Evidence for the importance of physical activity in keeping and potentially improving cognitive function throughout life was found in an open-access literature review in Psychonomic Bulletin & Review by Hayley Guiney and Liana Machado from the University of Otago, New Zealand.
Cognitive functions such as task switching, selective attention, and working memory appear to benefit from aerobic exercise. Studies in older adults reviewed by the authors consistently found that fitter individuals scored better in mental tests than their unfit peers.
Scores in mental tests improved in participants who were assigned to an aerobic exercise regimen compared to those assigned to stretch and tone classes.
Exercise has been found to positively affect mental tasks relating to activities such as driving, an activity where age is often seen as a limiting factor.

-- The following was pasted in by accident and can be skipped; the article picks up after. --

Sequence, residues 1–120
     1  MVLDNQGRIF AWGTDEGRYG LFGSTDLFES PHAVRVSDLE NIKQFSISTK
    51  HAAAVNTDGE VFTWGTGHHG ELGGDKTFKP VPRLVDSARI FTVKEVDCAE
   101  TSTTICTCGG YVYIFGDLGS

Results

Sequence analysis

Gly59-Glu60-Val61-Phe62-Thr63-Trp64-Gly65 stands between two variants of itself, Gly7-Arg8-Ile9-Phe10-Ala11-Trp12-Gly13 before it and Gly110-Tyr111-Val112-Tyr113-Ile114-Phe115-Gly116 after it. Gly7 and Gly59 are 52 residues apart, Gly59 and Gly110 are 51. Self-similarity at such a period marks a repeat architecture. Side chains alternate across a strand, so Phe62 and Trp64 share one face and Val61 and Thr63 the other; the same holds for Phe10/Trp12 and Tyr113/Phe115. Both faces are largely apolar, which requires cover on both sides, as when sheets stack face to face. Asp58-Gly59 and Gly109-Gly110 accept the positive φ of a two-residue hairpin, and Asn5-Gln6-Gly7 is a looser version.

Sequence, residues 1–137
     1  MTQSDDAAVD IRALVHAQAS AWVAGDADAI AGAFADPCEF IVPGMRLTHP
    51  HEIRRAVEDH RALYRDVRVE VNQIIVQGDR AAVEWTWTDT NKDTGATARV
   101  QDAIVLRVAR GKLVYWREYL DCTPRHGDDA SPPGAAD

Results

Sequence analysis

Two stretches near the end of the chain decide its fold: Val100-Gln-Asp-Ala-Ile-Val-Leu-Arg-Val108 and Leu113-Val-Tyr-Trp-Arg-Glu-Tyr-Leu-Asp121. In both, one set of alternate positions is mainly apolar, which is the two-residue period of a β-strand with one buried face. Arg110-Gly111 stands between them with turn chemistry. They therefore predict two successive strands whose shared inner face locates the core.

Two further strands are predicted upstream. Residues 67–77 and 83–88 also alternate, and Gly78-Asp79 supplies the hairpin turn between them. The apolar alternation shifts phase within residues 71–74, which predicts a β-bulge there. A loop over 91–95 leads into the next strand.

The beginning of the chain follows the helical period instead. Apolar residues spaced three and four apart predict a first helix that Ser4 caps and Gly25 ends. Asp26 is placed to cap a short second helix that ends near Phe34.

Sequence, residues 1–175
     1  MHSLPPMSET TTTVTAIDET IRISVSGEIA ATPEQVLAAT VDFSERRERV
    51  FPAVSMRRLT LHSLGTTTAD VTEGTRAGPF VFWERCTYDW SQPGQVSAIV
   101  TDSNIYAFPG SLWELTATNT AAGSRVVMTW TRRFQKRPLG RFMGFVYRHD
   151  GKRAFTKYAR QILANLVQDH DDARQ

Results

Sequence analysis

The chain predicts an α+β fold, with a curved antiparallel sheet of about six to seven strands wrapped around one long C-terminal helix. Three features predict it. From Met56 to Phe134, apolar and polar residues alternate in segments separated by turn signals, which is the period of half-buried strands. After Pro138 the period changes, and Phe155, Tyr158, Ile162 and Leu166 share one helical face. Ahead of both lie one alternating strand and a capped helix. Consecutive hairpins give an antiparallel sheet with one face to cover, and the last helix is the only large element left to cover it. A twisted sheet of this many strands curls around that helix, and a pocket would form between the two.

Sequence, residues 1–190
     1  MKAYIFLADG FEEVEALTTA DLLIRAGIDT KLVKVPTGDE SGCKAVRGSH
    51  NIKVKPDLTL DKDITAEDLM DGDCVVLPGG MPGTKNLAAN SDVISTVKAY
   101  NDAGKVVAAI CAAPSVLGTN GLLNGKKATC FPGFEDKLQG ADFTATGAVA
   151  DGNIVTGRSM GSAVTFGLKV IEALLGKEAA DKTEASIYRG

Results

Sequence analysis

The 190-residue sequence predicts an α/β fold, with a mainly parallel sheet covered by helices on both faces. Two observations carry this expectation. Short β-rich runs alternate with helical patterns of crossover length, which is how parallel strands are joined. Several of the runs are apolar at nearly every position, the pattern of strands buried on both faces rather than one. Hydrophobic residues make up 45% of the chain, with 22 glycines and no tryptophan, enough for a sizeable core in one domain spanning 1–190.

MRI studies of aging have shown that, as compared with unfit, highly fit older adults exhibit less age-related atrophy in the prefrontal and temporal cortices; preserved neural tracts connecting the prefrontal cortex to other regions of the brain; superior white matter integrity in the corpus callosum; greater gray matter density in the frontal, temporal, and parietal cortices; and greater hippocampal volumes.
Physically active older adults have both higher circulating neurotrophin levels and gray matter volumes in the prefrontal and cingulate cortex.
These results were not replicated in children or young adults, except for memory tasks. Both the updating of working memory and the volume of information which could be held was also better in young fitter individuals or those put on an aerobic exercise regime. “Although the evidence to date supports a wider range of executive functions benefiting from regular exercise in older adults, the relative lack of supportive evidence in young adults and children may, in part, reflect a poverty of studies, especially controlled trials, in these age groups,” the authors suggest.